When he was a child in his hometown of Rosario, Argentina, Lionel Messi was nicknamed “La Pulga” (the flea) because of his short stature. This didn’t stop him from starting to play soccer since he was five years old. In 2004, when Kobe Bryant, the famous basketball player visited his friend Ronaldinho, considered one of the best soccer players in the world, he told Bryant, “Kobe, I want you to meet the player who is going to be the greatest soccer player who ever lived.” He didn’t know that his words would be prophetic.
In 1998, when he was eleven, Messi was diagnosed with Growth Hormone deficiency, a treatment that his parents couldn’t afford. Carles Rexach, sporting director of FC Barcelona, saw him play in Argentina and immediately offered to pay all his medical bills if he and his family would to start a new life in Barcelona. Messi traveled to Barcelona, Spain, with his father, leaving his mother in Rosario, Argentina, to take care of his brothers.
It wasn’t easy for Messi to adapt to this new environment, where he felt isolated from his teammates who made fun of him for being so short and not speaking Catalan, the language of Barcelona. “My teammates were big, rough and kind of assholes. They didn’t really pay attention to me, they would speak Catalan among themselves,” he said in the TV series Sin Cassette. “I cried a lot. I would lock myself in my room and cry my eyes out in secret. I didn’t want my dad to find out,” quoted Guillem Balagué, author of “Messi: The Biography”.
Despite these initial problems, he gradually adjusted, becoming the most successful player in his club’s history. And these childhood adversarial events not only strengthened his resolve to become a very good player, but also to devote part of his earning to improve children’s lives.
In 2007, he established the Leo Messi Foundation based in Rosario, a charity aimed at helping children in crisis situations to gain access to better health and education. It is his way of expressing gratitude for overcoming his own childhood health problems. During an interview Messi said, “Being a bit famous now gives me the opportunity to help people who really need it, particularly children.”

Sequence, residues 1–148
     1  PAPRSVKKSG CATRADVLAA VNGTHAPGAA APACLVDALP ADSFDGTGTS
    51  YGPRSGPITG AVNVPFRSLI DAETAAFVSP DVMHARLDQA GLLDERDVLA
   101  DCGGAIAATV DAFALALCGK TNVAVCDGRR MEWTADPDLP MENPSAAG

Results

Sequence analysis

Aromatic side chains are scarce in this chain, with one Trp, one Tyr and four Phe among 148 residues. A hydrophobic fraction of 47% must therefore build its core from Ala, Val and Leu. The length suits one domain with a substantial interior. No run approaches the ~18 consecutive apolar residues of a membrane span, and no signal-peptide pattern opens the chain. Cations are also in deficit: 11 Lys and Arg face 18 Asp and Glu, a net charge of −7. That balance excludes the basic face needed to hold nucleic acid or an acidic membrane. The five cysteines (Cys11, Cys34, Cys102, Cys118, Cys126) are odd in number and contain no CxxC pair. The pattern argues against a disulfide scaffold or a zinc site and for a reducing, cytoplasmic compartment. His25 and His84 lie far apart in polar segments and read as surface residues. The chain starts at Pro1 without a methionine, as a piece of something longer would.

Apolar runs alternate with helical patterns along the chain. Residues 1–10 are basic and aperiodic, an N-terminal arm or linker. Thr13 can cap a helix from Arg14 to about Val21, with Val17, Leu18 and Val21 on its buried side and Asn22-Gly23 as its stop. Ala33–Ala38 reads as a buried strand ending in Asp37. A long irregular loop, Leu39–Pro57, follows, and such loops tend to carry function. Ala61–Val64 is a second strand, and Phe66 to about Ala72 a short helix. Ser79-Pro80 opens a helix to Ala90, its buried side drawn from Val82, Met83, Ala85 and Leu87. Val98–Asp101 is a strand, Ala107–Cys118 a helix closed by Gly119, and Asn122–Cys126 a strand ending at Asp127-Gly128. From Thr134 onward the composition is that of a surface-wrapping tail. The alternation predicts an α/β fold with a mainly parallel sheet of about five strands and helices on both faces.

Messi’s foundation supports sick Argentine children by allowing them to get paid for treatment in Spain, covering hospital, round-trip transportation from Argentina and recovery costs. He also pays for Argentinian doctors to be trained in Spain in special fields of research and donates money to pay doctors’ salaries and to rebuild a children’s hospital in Rosario.
Since 2004, he has been collaborating with UNICEF (United Nations Children’s Fund). In March 2010, Messi became its Goodwill Ambassador, where he has continued his work in support of vulnerable children. Four months after becoming that organization’s ambassador, he carried out a mission to Haiti, where he helped raise public awareness to the plight of that country’s children, after a devastating earthquake that ravaged the country. In addition, he has participated in UNICEF’s campaigns to prevent HIV/AIDS, and promote education and the social inclusion of disabled children.
As a result of the war in Syria more than a million children were out of school and millions more were at risk of dropping out. The Messi foundation collaborated with UNICEF in building fully furnished classrooms so that 1,600 children affected by the war in Syria could continue their educational activities.
The work of the foundation in Mozambique is also remarkable. Mozambique is one of the poorest countries in the world. On health-related missions to that country, I was able to see that children in remote areas often have high rates of malnutrition and must walk several miles to attend school, where they arrive hungry. Through a program called “Programa de Desayuno Escolar” (School Breakfast Program) funded by Messi’s foundation, children are fed when they arrive at school and before they go to class. This also lowers the rate of absenteeism, which is elevated in some rural areas, and is often caused by children being weak by lack of food.
The program started in three schools, but there are now 40 schools receiving aid, plus three kindergartens and three orphanages, benefiting 15,000 children. Pregnant women and some sick adults unable to eat solid food have been added to the program. As a result, more children are now coming to school from deprived areas which have been negatively affected by climate change. Thanks to Messi’s program, children not only are better fed, but they also have improved physical growth and intellectual development.
In addition to other projects, the Lionel Messi Foundation and the Stavros Niarchos Foundation funded the creation of the Pediatric Center at Sant Joan de Déu Children’s Hospital in Barcelona, which was inaugurated on June 16, 2022. The Center treats children and adolescents with cancer, while at the same time conducts research to find more effective treatment for them through an integration of its research and medical teams.
Throughout his professional career Messi has proven to be a remarkable person. Considered by many experts as the best soccer player in history, he is not only the most recognizable face of soccer worldwide. He is a kind man whose humanitarian work improves health and brings food and hope to thousands of disadvantaged children.